Recently, I was imploring my husband to find opportunities for couple-time in his schedule, get me out of the house so we could do “fun” things, spend time as a family… I wanted to drive around and look at the extravagant Christmas house lights over the holidays or see the Christmas ships; I wanted to visit Snoqualmie Falls, especially while it was raining so hard and the water would be high and dramatic; I wanted to drive north to look at flocks of snow geese; Seattle Symphony–anything! These things never happen and my husband said, “But every week your energy is maxed out with doctor appointments.” This is true, but this is calculated behaviour so I don’t go stir-crazy or get depressed. I can manage about 3 things a week and I’ve been scheduling about that many appointments every week for years. Hydrotherapy, strain-counterstrain, myofacial release, pelvic floor PT, acupunture, mental therapy, dietician, as well as specialist appointments, follow-up doctor visits, blood draws and testing. When I don’t have something scheduled, my attitude goes down very quickly. I think I might quite literally go insane if I shuffle around the house in baggy pjs for too long, alone, talking to the dogs, cooking meals for one, keeping myself occupied with paperwork, illness research, watching tv– especially in the winter when I can’t at least shuffle into the garden.

I tried to take a week off once and I caved by Thursday and made a massage appointment for the next day. I was crawling the walls, feeling ineffectual, lonely, angry. I wonder how anyone without a spouse or support system survives, or patients who are completely housebound or bedbound or neglected in institutions (not to mention much more horrific situations of war, solitary confinement, POWs…). It’s the isolation more than the confined physical space, I guess. My appointments give me “somewhere to hang my hat” as my grandfather used to say — a reason to get dressed, a place to go and have a conversation. My “rehab specialist” asked me if therapy was helping and I said, “I get dressed and I get to talk to someone.” He’s obviously done a lot more than that for me (for example, helped me find the best doctors and get disability), but my point was clear. Shared experiences are much more important than I realised. Like the outcast monkey that would just hang out on the edges of the enemy monkey territory even though he could be torn to shreds at any moment because the drive for company and community is that strong (I saw it on NatGeo, it made me weep).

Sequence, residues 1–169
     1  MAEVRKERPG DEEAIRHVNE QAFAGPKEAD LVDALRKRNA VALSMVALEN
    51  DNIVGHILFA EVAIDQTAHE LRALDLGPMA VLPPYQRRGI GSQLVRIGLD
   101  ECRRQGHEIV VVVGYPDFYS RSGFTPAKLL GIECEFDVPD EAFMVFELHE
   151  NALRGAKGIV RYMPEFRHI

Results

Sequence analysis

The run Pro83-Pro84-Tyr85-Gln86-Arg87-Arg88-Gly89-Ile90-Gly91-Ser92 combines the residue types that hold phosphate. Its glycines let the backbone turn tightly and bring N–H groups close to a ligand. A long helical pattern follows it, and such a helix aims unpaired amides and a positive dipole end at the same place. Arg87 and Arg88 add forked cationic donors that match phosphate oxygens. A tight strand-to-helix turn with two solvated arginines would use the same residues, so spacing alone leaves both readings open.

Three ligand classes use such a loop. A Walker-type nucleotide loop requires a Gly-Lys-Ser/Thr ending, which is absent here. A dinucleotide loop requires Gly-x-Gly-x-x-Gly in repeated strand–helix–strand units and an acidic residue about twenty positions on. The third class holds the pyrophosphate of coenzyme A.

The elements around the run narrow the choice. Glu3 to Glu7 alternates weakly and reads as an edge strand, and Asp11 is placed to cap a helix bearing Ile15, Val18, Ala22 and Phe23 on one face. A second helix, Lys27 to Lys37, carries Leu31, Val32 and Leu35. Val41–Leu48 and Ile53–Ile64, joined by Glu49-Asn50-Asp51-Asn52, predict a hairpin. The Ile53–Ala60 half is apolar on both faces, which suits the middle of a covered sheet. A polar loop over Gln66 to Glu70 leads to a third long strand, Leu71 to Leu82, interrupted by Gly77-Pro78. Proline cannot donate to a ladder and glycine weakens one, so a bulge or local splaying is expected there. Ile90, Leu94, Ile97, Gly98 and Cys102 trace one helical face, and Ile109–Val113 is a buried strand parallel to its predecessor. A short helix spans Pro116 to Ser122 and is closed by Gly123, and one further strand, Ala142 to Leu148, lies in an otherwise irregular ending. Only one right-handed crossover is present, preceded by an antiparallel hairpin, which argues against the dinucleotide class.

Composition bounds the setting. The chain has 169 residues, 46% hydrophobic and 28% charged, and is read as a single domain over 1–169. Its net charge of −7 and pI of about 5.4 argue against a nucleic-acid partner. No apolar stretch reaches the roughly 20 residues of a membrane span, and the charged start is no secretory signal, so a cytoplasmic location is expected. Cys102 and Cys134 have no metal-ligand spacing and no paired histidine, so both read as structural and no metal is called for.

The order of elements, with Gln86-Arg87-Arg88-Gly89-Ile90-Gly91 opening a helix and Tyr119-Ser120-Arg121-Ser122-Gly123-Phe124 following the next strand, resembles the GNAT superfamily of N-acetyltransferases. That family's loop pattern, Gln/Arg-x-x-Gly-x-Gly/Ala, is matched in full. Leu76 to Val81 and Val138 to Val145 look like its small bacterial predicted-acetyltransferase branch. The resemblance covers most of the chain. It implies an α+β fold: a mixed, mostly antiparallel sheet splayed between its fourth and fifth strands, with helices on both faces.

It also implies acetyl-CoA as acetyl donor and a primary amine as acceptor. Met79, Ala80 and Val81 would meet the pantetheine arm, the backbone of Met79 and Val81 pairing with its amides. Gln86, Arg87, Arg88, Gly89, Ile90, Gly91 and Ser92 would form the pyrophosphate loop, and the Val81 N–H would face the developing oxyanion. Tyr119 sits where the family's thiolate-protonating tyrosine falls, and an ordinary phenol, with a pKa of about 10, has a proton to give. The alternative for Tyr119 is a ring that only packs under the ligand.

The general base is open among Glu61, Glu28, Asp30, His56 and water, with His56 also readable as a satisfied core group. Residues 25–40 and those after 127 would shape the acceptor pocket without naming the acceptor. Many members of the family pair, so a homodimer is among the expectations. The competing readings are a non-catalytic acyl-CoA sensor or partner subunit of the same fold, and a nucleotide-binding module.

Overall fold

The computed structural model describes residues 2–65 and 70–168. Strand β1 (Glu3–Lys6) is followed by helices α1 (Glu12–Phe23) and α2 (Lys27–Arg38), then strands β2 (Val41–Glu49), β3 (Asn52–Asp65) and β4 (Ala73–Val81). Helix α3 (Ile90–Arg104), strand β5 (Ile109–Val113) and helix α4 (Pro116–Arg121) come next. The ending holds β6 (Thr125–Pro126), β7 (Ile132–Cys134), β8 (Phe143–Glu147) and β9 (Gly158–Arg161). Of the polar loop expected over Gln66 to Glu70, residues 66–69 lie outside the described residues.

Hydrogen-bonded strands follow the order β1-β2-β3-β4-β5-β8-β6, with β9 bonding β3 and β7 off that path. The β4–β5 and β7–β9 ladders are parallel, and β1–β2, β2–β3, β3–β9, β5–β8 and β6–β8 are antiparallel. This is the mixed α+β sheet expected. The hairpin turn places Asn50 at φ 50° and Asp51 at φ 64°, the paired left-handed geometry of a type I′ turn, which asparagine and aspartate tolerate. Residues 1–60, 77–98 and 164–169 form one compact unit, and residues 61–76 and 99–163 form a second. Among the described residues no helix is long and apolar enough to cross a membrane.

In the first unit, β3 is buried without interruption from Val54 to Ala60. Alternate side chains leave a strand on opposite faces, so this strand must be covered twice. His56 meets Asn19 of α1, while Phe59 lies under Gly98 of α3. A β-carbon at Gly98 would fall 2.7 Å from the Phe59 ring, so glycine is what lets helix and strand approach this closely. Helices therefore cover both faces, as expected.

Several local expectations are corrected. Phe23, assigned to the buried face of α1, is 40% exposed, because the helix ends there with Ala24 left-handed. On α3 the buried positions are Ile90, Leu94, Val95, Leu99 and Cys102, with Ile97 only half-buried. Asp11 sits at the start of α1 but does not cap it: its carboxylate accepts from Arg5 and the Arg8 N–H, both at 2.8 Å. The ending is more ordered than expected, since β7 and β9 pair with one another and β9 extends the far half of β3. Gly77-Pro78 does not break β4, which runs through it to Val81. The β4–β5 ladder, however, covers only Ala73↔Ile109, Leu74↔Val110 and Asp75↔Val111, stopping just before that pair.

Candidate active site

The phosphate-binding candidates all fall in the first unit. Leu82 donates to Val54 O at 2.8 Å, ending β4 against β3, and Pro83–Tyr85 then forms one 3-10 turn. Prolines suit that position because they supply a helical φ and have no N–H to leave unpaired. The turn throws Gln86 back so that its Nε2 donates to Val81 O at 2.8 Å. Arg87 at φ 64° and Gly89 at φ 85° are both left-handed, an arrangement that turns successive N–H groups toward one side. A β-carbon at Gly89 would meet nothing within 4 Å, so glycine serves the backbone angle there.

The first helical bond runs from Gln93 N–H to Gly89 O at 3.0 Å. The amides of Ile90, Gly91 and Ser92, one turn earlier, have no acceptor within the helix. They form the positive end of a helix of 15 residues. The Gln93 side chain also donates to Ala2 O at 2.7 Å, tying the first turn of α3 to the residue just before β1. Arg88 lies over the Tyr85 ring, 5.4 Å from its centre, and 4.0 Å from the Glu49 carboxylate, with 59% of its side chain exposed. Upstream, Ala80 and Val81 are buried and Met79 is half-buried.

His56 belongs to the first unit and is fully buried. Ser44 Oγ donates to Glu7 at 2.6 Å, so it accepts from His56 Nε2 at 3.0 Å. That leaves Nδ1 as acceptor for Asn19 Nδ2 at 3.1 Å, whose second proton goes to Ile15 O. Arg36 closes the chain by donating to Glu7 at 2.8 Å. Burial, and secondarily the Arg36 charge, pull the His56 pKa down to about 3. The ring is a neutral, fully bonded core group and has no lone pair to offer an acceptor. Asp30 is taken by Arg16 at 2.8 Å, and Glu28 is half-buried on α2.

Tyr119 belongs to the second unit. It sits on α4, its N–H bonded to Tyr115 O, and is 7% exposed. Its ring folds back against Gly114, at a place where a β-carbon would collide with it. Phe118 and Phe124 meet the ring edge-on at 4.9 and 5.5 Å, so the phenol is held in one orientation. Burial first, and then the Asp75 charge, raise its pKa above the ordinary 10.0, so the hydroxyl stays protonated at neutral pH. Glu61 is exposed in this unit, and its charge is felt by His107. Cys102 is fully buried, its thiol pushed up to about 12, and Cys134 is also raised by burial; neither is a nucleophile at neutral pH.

My physical therapist and I talk about books, movies, music, tv shows, politics and I get to lie supine and motionless while he gently fixes my pain. How could I give that up? But I would–to do things with my husband. So, that’s what I told him–my husband–and he seemed confused, asked: “You can just stop those appointments? You don’t need them?” It never occurred to me that he didn’t know I scheduled these things to save my sanity, to save me from offing myself. Isn’t that obvious? Of course I don’t need to go to them! I wouldn’t cancel my immunoglobulin infusions, but all other commitments would be trumped by the importance of quality time with people I love. Husband and dogs first, friends next (actually, friend, since only one visits. Love you, Z!), healthcare visits last. That’s how I schedule my weeks. If I think there might be the weather to go to the cemetery with my boys on a day that my husband can do it, I will cancel everything else. I’ve exhausted the search for The Doctor Who Will Fix Me. I’m happy with my GP, endo and body people. I’ve seen the best neurologists. I don’t really think I would benefit from an immunologist, allergist or rheumotolgist. Maybe one day in the future I will see an ME/CFS specialist, but, for now, I’m going to focus on other things. So, my goal for this year is to encourage my husband to work a little less and redirect some of our energy into more joyous experiences. I can’t be very spontaneous, but I can schedule an “appointment” to drive out of town or an hour in a coffee shop or even play a game at home.